What will be studied?
AS level mathematics consists of three modules. Two of these are Core modules and the third is in Statistics.
In module Core 1 we revisit many ideas already met at GCSE but they are extended further. For instance quadratic equations, simultaneous equations and inequalities are all covered again but in greater depth. The geometry of straight lines is taken further and a new approach to mathematical sequences is given. An important branch of mathematics called Calculus is introduced for the first time.
Module Core 2 is an extension of Core 1. GCSE trigonometry is reviewed and then extended further to include solving easy trigonometric equations. Radian measure is introduced. Geometry is now extended to circles. Exponential and logarithmic functions are introduced.
Statistics 1 is an applied mathematics module and some of it will be familiar from the work covered in GCSE mathematics. When you study statistics you will learn how to analyse and summarise numerical data in order to arrive at conclusions about it. You will extend the range of probability problems that you looked at in GCSE using the new mathematical techniques learnt in the pure mathematics units. Many of the ideas in this part of the course have applications in a wide range of other fields, from assessing what your car insurance is going to cost to how likely it is that the Earth will be hit by a comet in the next few years. Many of the techniques are used in sciences and social sciences. Even if you are not going on to study or work in these fields, in today’s society we are bombarded with information (or data) and the statistics units will give you useful tools for looking at this information critically and efficiently.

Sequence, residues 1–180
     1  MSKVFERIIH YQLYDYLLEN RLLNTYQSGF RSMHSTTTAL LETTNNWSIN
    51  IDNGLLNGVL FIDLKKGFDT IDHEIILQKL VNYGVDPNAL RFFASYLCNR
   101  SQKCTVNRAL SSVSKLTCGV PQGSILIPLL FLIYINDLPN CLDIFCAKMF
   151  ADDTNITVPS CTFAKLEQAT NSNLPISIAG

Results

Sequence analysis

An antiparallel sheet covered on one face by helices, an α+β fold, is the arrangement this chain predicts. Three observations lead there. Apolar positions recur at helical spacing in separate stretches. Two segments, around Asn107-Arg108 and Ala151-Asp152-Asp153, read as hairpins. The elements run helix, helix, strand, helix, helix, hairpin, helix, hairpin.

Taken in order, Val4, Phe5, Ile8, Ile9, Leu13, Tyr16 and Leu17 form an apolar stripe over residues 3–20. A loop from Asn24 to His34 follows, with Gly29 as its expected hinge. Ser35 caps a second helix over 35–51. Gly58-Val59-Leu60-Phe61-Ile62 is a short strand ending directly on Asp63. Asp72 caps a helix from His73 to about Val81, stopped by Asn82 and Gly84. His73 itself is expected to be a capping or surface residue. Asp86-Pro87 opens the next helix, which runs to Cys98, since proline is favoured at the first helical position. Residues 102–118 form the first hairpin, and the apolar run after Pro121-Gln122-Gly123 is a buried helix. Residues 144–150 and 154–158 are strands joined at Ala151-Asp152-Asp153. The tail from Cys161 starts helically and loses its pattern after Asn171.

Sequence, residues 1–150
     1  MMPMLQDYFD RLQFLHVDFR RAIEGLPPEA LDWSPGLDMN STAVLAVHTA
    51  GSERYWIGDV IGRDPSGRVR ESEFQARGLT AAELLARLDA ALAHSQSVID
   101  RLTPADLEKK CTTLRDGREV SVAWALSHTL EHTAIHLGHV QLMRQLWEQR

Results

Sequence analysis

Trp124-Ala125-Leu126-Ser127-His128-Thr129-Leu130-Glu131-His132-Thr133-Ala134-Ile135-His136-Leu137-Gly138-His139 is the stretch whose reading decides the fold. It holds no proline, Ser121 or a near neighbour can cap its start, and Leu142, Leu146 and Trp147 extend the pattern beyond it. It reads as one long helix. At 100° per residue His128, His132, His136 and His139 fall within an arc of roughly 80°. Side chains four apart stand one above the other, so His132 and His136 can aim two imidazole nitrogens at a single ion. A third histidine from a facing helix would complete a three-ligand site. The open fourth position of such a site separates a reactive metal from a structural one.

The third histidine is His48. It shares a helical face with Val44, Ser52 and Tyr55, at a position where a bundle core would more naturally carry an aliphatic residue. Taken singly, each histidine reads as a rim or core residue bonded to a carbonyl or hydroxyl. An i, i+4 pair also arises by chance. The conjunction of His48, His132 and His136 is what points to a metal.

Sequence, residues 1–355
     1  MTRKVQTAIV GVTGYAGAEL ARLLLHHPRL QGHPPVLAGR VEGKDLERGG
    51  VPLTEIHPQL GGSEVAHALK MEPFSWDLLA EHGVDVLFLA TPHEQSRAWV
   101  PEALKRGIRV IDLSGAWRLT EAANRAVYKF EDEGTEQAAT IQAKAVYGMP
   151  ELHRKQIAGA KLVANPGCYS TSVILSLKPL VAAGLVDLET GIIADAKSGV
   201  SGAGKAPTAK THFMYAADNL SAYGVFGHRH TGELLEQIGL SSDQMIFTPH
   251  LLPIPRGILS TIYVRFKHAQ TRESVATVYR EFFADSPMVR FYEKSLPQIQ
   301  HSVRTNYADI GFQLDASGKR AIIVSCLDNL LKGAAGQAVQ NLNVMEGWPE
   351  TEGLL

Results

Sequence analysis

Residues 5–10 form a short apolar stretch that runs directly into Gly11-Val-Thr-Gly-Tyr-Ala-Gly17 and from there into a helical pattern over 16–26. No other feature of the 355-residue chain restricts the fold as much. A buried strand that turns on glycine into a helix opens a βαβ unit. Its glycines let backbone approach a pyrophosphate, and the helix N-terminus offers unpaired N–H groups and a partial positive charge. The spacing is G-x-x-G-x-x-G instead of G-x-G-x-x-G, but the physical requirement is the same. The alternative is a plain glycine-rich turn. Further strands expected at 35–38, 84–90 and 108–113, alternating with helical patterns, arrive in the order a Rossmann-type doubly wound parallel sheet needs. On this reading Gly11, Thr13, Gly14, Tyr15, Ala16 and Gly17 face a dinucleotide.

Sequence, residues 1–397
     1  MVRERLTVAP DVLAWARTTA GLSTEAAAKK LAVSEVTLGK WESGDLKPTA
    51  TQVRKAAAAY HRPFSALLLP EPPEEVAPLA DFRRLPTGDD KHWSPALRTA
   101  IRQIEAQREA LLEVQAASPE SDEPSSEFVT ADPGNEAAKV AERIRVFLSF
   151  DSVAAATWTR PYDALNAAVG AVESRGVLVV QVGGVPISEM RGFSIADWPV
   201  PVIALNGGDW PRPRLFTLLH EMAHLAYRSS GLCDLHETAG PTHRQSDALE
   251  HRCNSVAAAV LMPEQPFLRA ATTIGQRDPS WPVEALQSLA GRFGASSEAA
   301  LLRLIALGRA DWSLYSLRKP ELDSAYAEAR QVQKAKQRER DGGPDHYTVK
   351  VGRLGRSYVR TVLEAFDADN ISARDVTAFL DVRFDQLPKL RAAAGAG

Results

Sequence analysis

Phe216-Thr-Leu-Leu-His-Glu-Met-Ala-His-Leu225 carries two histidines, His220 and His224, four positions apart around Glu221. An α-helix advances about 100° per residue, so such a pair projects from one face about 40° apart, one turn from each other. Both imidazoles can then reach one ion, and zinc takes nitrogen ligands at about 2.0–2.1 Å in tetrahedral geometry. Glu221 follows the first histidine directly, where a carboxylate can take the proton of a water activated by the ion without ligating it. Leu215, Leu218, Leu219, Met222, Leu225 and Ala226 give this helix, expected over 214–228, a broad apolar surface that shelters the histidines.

The third module is Mechanics 1, another applied mathematics module. Mechanics deals with the action of forces on objects. It is therefore concerned with many everyday situations, e.g. the motion of cars, the flight of a cricket ball through the air, the stresses in bridges, the motion of the earth around the sun. Such problems have to be simplified or modelled to make them capable of solution using relatively simple mathematics. The study of one or more of the Mechanics units will enable you to use the mathematical techniques which you learn in the Core units to help you to produce solutions to these problems. Many of the ideas you will meet in the course form an almost essential introduction to such important modern fields of study such as cybernetics, robotics, bio-mechanics and sports science, as well as the more traditional areas of engineering and physics.
What assessment is there?
For more information please see Mr J. Thompson in the Maths Department.
Sixth Form Menu
|Maths (AS & A2)|